Local Council Licensing

If your local council performs music in public, it can sometimes be a time consuming and difficult task to determine the licences you need and to find the appropriate rights owners for all of the music that your council may wish to use. However PPCA in conjunction with APRA AMCOS is here to help. We hope that our new proposed joint licence scheme will remove the administrative and legal burden from local councils and allow you to continue to focus on providing great services to your communities.

 

The Local Government Sector Music Licensing Review

PPCA together with APRA AMCOS, has been reviewing the music licensing arrangements for the local government sector.
For more information and background on the consultation, please click here

We also need your help to better understand your music licensing requirements. To begin this consultation, a short survey has been created to look at the needs of local councils and their music use.

We would be grateful if you could please complete the short survey to assist us with this review: Begin Survey

APRA AMCOS will collate the survey results and will share the results with PPCA.

 

What are your music licensing obligations?

Under the Copyright Act (1968) there are two distinct rights inherent in a piece of music:

  1. the first is the musical work, which is owned by the composer(s) of that work; and
  2.  the second is the copyright which applies to each separate recorded version of a musical work (which is referred to as a sound recording).

A composer may assign certain rights to a music publisher, while a recording artist may assign their rights to a record label. In Australia these rights are usually then assigned or licensed to a collective rights management body – in the case of the musical work to APRA AMCOS (Australasian Performing Right Association and Australasian Mechanical Copyright Owners’ Society) and in the case of sound recordings to PPCA (Phonographic Performance Company of Australia). In the case of sound recordings – you can obtain a licence from each of the owners of the sound recordings that you wish to use or you can obtain a blanket licence from PPCA.

The Copyright Act (1968) stipulates that the owner of copyright has the exclusive right to reproduce, publish, perform in public, communicate to the public and make an adaptation. The copyright is infringed by a person who, without a licence from the owner of the copyright, does or authorises the doing of any act comprised in the copyright. A court is able to grant injunctive relief or damages for infringement of these rights.

 

Local Government Sector

It is our understanding that a local government authority is responsible for achieving the best outcome for its local community by promoting social, economic and environmental viability and sustainability along with ensuring that resources are used efficiently and effectively. We also understand that services are provided to improve the overall quality of life of the people in the local community and in accordance with the Best Value Principles to best meet the needs of that local community. A local government must also ensure that services and facilities are equitable and accessible to all members within the community.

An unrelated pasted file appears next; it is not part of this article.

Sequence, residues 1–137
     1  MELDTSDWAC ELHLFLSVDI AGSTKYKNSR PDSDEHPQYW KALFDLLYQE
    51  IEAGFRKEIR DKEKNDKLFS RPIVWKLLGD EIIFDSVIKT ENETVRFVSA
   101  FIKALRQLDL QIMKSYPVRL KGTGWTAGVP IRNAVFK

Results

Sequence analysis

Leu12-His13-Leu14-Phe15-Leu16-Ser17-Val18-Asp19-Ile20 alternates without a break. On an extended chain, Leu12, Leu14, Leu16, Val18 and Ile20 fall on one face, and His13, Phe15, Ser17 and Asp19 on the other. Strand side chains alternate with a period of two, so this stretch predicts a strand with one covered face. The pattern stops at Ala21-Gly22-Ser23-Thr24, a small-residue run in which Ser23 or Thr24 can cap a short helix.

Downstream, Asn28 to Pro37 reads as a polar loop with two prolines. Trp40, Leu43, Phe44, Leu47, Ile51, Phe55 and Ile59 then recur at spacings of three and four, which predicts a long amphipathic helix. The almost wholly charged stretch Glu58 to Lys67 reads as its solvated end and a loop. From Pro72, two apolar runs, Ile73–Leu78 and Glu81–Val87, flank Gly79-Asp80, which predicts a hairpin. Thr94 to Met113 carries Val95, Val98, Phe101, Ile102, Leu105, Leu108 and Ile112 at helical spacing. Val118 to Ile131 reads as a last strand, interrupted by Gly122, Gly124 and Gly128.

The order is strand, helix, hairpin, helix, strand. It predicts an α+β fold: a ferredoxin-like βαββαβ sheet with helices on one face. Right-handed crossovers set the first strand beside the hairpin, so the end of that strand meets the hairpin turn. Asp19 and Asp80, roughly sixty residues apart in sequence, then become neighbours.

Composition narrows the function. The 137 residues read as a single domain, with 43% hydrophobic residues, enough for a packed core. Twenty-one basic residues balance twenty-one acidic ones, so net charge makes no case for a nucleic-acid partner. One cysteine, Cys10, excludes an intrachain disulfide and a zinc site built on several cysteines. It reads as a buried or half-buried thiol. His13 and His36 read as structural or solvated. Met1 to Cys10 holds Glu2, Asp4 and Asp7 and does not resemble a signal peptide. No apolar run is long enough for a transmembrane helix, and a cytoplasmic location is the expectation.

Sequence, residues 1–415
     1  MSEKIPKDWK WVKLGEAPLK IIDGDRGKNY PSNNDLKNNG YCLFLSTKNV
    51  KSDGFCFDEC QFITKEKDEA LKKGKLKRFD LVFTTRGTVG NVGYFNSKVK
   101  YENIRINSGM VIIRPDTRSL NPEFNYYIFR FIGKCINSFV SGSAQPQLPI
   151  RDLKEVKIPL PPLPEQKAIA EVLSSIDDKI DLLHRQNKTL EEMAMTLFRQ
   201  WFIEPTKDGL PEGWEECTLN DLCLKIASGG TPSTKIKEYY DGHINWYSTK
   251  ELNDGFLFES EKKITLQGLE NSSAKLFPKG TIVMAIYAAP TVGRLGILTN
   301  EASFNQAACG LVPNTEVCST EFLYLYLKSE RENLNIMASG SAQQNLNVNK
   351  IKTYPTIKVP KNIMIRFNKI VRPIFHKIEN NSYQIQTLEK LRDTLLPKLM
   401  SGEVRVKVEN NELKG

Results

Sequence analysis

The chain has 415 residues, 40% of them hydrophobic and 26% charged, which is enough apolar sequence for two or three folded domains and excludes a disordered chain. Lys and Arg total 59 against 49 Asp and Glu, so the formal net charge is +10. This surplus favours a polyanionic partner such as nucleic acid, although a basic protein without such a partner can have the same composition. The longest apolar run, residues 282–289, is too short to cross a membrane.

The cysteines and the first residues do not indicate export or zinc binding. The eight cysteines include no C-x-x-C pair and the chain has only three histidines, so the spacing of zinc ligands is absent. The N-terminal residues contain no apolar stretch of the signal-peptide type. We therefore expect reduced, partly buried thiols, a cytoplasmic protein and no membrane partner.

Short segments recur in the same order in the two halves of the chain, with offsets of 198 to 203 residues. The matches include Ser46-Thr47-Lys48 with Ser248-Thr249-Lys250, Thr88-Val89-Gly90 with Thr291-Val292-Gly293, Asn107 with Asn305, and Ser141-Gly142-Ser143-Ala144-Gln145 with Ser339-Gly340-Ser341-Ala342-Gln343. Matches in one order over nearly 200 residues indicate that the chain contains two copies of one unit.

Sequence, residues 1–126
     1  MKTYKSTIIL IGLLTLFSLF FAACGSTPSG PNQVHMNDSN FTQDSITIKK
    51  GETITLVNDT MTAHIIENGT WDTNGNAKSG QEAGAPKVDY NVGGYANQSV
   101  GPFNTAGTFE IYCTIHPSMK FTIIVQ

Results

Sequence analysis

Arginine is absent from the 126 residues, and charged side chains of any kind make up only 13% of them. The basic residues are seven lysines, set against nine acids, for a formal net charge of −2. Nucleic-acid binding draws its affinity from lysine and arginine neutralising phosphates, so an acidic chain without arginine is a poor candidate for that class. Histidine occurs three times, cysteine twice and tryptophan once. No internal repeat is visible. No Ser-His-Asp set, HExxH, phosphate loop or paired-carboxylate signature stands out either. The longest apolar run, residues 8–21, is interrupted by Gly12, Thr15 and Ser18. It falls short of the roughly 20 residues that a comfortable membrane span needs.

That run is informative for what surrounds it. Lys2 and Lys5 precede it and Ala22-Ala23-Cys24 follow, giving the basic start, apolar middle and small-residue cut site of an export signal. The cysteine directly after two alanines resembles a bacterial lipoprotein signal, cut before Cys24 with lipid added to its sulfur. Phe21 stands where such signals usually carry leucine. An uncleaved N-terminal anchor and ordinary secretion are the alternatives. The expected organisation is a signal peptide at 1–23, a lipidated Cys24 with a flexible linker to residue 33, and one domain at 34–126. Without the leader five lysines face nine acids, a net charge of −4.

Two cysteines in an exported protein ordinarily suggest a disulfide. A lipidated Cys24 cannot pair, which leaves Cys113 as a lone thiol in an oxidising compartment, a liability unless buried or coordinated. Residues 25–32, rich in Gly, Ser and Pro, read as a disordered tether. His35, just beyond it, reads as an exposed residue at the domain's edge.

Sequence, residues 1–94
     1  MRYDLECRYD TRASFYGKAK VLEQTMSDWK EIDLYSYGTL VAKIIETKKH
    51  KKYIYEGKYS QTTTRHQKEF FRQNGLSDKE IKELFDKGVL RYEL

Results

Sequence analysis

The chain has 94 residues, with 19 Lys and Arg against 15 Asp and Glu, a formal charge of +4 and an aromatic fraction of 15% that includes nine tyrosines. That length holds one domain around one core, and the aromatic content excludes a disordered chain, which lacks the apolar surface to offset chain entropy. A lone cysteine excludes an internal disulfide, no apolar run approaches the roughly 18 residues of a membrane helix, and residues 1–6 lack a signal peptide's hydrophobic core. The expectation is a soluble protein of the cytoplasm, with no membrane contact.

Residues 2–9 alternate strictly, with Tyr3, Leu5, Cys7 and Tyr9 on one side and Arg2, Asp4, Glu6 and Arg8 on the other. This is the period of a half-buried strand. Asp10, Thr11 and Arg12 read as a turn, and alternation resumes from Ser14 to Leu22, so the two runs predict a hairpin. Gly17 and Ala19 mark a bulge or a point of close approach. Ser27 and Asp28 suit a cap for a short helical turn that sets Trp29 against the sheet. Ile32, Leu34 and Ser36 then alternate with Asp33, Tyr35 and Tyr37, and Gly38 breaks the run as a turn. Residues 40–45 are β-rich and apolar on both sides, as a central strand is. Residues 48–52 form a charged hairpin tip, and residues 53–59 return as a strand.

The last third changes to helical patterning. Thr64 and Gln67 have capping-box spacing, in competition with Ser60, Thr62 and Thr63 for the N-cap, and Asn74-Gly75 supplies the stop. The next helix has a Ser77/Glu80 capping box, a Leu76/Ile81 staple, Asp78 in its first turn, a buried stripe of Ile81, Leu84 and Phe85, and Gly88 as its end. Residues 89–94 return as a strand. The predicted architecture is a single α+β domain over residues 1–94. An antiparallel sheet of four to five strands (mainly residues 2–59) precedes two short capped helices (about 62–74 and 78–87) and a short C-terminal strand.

In delivering services to their communities, local governments use music in a wide variety of ways, including as background music in Council shop fronts, in Council-run events and concerts, and as music on hold.

 

Consultation

APRA AMCOS and PPCA have policies to consult, where appropriate, with relevant industry bodies and music customers when developing and implementing new or revised licence schemes for the use of music. We have found that receiving input from the music users allows us to better understand how music is used and applied practically. This approach is also useful in that it ensures that our clients have a better understanding of where the payments flow and the purpose of such licences, which in turn leads to improved ongoing relationships. 

We hope that you take the time to read the detailed consultation letter above and also complete the survey.

Rather that obtaining individual licences from APRA AMCOS and PPCA (or the various sound recording copyright owners), the intention of the joint APRA AMCOS and PPCA music licence scheme for the local government sector is to make it easier for your local council to access and use music -  with less administration and paperwork for you.

If you would like to discuss this further or would like to arrange a meeting, please contact us via the details below.

 

For further information please contact:

APRA AMCOS: David Sheils

| (02) 9935 7785 | dsheils@apra.com.au |  www.apraamcos.com.au

PPCA: Rohini Sivakumar

| (02) 8569 1100 | rsivakumar@ppca.com.au | www.ppca.com.au

 

PPCA

PPCA is a non-profit member organisation that provides licences to Australian businesses to play recorded music in public. PPCA offers blanket licences that cover thousands of record labels and millions of recordings across a vast range of genres. Each year all of PPCA’s net licence fees are distributed back to the record labels and Australian artists who created the recordings, so that they can continue to create recordings for us all to enjoy.

 

APRA AMCOS

APRA AMCOS is a non-profit member organisation with more than 87,000 members who are songwriters, composers and music publishers. APRA AMCOS licenses organisations to play, perform, copy, record or make available its members’ music. We then distribute the royalties paid under those licences to our members and affiliate societies.